Press "Enter" to skip to content

What Game of Thrones can teach us about money

It’s not an understatement to say I am a huge fan of Game of Thrones. As the final season begins, I thought I’d share some thoughts that weave my passion for this epic show together with my passion for personal finance.

It’s not everyone‘s idea of a good time, but it’s a total party for me.

*Spoiler alert* If you haven’t yet watched all seven seasons of Game of Thrones, I would suggest bookmarking this page to read the minute you have.

Winter is coming

It’s the motto of House Stark and the message is pretty clear: With winter comes the creepy-as White Walkers and their army of the living dead. To survive, preparation is key.

Winter is comin
Jon Snow knows that an emergency fund could come in handy one day.

When it comes to finance, there’s a few ways to get organised. The first is by having an emergency fund. Any amount is a good start but there’s a general consensus that your emergency fund should be the value of three months’ worth of expenses.

An emergency fund can help you out when unforeseen things happen like you lose your job, you get sick or the White Walkers attack Castle Black.

One way to prepare for possible sickness or disability is to get insurance. You can get income protection and total and permanent disability insurance through your super. It’s cheaper to get insurance this way as super funds purchase policies in bulk. Plus, the fees are automatically deducted from your super account.

Then there’s the winter of retirement. That’s always coming. To prepare, make sure your employer is paying the mandated 9.5 percent of your salary into your super fund, combine your super accounts into one to keep fees low and take an interest in what your money is invested in. If you’re young it might be worth going for a higher growth option in shares.

When you play the Game of Thrones, you win or you die

Cersei Lannister

Cersei Lannister was really onto something about the stock market when she uttered these formidable words. I think what she was really saying is that before you invest, make sure you know how much risk you can tolerate, and understand how these risks can affect your gains.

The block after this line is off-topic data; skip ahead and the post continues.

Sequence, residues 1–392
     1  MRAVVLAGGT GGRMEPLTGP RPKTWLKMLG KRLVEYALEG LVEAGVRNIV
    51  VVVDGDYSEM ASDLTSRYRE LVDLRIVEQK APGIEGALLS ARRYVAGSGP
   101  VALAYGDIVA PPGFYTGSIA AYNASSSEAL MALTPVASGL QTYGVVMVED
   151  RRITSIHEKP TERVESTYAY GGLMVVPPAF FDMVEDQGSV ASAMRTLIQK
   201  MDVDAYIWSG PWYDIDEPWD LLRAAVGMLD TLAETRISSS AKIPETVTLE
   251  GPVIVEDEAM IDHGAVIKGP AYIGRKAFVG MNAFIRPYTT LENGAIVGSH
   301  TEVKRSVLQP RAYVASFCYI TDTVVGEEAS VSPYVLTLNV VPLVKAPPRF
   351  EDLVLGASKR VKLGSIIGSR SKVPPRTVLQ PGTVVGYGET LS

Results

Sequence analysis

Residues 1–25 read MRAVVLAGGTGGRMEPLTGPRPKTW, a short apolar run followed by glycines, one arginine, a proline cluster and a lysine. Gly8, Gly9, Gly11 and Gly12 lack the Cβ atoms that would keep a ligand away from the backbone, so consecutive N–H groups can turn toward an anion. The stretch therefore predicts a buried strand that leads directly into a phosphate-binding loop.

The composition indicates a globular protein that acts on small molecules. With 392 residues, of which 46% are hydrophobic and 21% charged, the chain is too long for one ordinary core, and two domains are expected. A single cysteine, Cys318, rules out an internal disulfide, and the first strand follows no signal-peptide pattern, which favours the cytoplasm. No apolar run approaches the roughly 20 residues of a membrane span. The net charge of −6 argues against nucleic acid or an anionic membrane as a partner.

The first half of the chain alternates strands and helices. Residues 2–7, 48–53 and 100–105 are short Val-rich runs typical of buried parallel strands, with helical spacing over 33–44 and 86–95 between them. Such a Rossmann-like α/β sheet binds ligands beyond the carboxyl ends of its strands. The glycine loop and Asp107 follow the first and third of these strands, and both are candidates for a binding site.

All investments involve some degree of risk. In the stock market, the risk is much higher than putting your money into a bank account or keeping it in a jar. So, by taking the risk you should expect some kind of compensation.

When you play the stock market, you can win big, but you can also lose big.

Changing allegiances can pay off

Master strategist and keen wine drinker Tyrion Lannister switches sides after topping his father Tywin with a crossbow. He allies with Daenerys, the Mother of Dragons who wants to take back the Iron Throne.

What’s the financial lesson here? Just because you’ve always done things a certain way doesn’t mean it’s the best way.Tyrion Lannister

You don’t have to stick with the Iron Bank. Use a comparison site to check your savings account and if you have one, your credit card, and see whether you might get a better interest rate somewhere else. Yeah, it’s a pain to switch banks or get a new credit card, but it could be worth some serious dragon coin in the long run.

The same goes for your mortgage, if you’re seeing better rates advertised than you’re getting, give your bank a call and ask for a discount. It’s much easier for a bank to keep an existing customer than it is for them to get a new one, so it’s worth your bank’s while to be accommodating.

A Lannister always pays his debts

The Lannisters have taught us to pay our debts promptly and in full, and also to make sure we never incur debts we can’t repay.

While some borrowing may be considered ‘good debt’, like a mortgage, bad debt, like the interest you rack up on a credit card, can put you on a slippery slope to financial ruin.

A history of debt can also have financial repercussions down the line when it comes to getting a mortgage, especially given that Australian banks have gotten pretty picky with how much and to whom they lend their gold dragons to.

Invest with your head, not your heart

Everything in Game of Thrones is driven by a desire for power or revenge. Robb Stark was going pretty well in his war against the Lannisters during his tenure as King in the North.

But… he followed his heart by marrying Talisa Maegyr rather than sticking to his deal with Walder Frey. It all ended with the Red Wedding, one of the most brutal scenes in Thrones history, and Robb quite literally lost his head.

Investor behaviour is one of the greatest factors in determining returns. If you freak out and react by selling your shares when they fall in price, you will lose money. If you understand the ups and downs of the market, still have faith in the fundamentals of the company, then holding onto them – as scary as the ride may be – may pay off.

In fact, if you’ve really got your head in the game, when stock prices fall, you buy more. In the words of the Maester of the finance world, Warren Buffett, “Be fearful when others are greedy and greedy when others are fearful.”

 

Like what you read? Sign up to be emailed the second a new post is published: